4 Common Types of Financial Fraud & How to Avoid Them - Vested

4 Common Types of Financial Fraud & How to Avoid Them

Financial fraud can happen to anyone — from the swanky billionaire next door to the unassuming college freshman. In honor of International Fraud Awareness Week, which takes place every November, we’re going to talk about the four most common types of financial fraud and how you can protect yourself from them. 

But First, What is International Fraud Week?

International Fraud Week, also known as Fraud Week, was started in 2000 by the Association of Certified Fraud Examiners (ACFE). It takes place every November when hundreds of organizations get together to spread fraud awareness to their companies and communities. 


And the benefits of fraud week are huge! A 2020 Global Study on Occupational Fraud and Abuse found that when companies host anti-fraud training and awareness, fraud losses decrease by 38%!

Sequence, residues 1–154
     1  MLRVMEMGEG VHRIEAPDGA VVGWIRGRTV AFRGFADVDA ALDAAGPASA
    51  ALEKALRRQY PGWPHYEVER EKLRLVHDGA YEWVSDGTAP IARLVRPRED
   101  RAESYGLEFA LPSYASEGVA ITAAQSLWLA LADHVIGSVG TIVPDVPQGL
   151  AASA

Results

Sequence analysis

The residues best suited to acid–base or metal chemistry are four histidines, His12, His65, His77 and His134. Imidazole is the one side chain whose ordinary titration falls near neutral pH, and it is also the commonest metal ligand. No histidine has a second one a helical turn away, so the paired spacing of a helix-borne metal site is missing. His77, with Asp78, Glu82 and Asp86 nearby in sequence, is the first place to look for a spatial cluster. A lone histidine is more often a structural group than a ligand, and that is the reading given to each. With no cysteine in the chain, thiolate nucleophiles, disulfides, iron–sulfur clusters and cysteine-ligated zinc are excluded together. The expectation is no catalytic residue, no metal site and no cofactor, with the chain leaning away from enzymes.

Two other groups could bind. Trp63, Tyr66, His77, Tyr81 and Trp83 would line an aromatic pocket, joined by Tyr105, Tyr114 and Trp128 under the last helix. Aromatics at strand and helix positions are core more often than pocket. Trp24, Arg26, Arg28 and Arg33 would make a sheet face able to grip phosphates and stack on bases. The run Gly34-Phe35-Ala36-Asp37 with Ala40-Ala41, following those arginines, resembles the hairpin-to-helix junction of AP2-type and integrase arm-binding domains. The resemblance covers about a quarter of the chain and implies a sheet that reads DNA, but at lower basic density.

So, without further adieu, here are four common types of fraud you should be aware of, along with tips on how to keep yourself protected.

1. Identity Theft

Identity theft is probably the first thing that comes to mind when you think of financial fraud. It happens when someone steals your personal information (such as credit card numbers, social security numbers, etc.), in order to make purchases, open new accounts, or commit crimes.

They may obtain your personal information illegally by convincing you to give it to them over the phone or email. Or, they may manage to get access to your mail and start intercepting bills, bank statements, checks, and more. 

How To Protect Yourself

Here are some ways to protect yourself from identity theft: 

  • Don’t share any personal information with anyone unless you know they’re legitimate.
  • Always shred your mail before throwing it out and be sure to stop getting physical mail at an old residence once you no longer live there.
  • Check your credit report often to make sure nobody else is opening accounts in your name. 

If you see activity on your credit report or bank account statements you don’t recognize, contact the authorities or financial institution involved immediately. Identity theft can take a while to clear up, so it’s important that you keep a close eye on any changes in your credit report.